The pop lyricist Gerry Goffin, who wrote the words to so many of Carole King’s greatest compositions, is dead at 77. Goffin was responsible for some 40 Top 10 Hits and the man was a true poet, unless you don’t think “Some Kind Of Wonderful” was true poetry.
If you saw the King musical “Beautiful” you might have missed the point of Gerry, he was drawn to be a heel and a mess, and it wasn’t really fair. I have no kick against Carole, but Gerry was a great lyricist, he was a teenage Ira Gershwin and if I have to explain the brilliance of the way words like “some kind of soft sigh” fall on the ears, or “if I’d been true, she never would have been with you.” fall on the ear, you should try harder. -Do Ineed to express what a great rhyme it is, how his words were the deep stirrings of teenage urges, like a lesson in how romantic love feels?
“One Fine Day”, “Up On the Roof”, “Chains”… these are the great pop operas of the late 1950s and early 1960s, incomparable brilliant emotional wrecking balls. “Will You Still Love Me Tomorrow” is almost scaring in its intensity and it is completely true of how a woman might very well feel about a one night stand. It is the back story to every song Liz Phair and Lydia Loveless has ever written.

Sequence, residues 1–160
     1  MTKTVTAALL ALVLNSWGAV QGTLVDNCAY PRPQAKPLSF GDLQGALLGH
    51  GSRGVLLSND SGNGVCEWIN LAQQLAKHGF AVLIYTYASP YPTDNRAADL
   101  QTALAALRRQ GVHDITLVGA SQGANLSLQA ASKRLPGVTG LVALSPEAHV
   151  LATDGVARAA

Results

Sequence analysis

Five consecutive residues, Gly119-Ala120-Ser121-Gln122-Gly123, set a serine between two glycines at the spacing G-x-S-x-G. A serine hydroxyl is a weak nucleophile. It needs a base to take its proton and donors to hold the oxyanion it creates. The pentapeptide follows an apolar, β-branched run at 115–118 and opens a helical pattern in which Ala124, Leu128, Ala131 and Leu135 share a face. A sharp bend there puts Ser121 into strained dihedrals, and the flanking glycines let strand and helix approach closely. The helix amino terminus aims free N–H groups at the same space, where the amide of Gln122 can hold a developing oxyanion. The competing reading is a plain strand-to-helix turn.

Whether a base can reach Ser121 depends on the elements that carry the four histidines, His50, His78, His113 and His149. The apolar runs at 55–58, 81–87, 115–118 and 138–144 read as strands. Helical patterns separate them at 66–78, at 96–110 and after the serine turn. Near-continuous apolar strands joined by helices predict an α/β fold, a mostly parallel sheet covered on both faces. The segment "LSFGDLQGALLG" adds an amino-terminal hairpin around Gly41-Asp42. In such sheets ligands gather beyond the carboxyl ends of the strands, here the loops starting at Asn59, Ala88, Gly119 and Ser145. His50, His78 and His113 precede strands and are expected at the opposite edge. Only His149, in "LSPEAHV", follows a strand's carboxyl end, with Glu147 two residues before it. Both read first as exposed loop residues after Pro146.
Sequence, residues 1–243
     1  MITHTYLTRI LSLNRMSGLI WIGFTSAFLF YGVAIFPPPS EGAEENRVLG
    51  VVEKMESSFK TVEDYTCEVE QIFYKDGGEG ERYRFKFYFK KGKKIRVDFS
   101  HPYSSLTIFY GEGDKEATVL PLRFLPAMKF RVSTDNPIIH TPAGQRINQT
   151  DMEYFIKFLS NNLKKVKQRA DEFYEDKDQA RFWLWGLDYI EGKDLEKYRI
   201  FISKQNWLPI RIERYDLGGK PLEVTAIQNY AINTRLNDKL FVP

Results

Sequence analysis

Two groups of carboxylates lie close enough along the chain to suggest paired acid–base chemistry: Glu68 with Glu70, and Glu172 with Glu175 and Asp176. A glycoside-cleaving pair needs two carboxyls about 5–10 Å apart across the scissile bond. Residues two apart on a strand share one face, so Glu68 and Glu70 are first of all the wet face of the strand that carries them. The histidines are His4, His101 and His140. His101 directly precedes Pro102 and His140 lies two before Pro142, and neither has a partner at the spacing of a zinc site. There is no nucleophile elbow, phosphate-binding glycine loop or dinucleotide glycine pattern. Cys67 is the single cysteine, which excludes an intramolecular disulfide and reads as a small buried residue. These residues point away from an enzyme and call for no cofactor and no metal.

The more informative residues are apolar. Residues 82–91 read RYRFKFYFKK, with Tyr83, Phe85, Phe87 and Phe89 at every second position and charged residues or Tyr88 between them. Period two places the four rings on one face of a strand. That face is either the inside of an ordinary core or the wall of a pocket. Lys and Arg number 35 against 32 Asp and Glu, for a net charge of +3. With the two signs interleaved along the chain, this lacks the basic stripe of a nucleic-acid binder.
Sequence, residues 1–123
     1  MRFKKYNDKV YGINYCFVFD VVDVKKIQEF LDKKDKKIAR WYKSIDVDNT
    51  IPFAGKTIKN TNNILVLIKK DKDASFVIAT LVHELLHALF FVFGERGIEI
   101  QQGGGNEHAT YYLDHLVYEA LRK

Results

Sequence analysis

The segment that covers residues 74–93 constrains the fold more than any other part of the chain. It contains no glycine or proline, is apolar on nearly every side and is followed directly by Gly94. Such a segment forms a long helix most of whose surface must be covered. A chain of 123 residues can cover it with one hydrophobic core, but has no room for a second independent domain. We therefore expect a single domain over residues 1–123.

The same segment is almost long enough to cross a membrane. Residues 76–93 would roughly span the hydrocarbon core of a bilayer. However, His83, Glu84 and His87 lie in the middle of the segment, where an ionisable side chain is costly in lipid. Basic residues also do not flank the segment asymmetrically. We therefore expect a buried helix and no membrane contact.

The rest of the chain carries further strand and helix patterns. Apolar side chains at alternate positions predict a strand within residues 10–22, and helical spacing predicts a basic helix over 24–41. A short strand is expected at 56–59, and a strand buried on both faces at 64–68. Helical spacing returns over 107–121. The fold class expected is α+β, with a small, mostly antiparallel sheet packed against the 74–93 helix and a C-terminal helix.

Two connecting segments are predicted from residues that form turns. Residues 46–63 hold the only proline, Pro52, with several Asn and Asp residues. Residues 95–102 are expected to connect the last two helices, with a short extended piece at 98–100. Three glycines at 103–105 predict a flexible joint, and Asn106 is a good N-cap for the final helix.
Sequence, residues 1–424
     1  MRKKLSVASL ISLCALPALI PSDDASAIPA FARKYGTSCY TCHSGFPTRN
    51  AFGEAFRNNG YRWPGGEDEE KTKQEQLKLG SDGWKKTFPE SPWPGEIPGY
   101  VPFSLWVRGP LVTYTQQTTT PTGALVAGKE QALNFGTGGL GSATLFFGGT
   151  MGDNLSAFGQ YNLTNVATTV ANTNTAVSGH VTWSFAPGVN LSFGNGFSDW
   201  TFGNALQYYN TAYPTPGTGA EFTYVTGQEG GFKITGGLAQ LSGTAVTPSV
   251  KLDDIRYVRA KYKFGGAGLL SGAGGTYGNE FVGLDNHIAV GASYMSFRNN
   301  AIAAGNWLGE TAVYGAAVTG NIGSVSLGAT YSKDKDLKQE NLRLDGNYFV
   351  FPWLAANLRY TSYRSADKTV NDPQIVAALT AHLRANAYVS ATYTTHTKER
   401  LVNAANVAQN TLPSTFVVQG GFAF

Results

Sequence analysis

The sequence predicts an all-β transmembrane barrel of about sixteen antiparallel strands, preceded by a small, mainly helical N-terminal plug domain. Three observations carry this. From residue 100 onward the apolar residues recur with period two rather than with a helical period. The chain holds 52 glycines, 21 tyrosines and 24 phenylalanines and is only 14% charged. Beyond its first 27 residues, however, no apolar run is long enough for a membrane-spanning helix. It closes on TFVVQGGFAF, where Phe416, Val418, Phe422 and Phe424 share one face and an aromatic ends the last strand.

Here is AP on his career once Carole left him: “Goffin continued co-writing songs, including “I’ve Got to Use My Imagination” recorded by Gladys Knight and the Pips, and “It’s Not the Spotlight,” recorded by Rod Stewart. In the 1980s and ’90s, he co-wrote “Tonight I Celebrate My Love,” a duet recorded by Peabo Bryson and Roberta Flack, and the Whitney Houston mega-hit “Savin’ All My Love for You.”
It is so sad that in a way Goffin is an Ike Turner, “Beautiful” has him too much the baddie, too much the success of “Beautiful” is in King leaving Goffin, but the truth is not known to us and how it felt apart is not known to us. Gerry Goffin was one of the greats. A tremendous loss.
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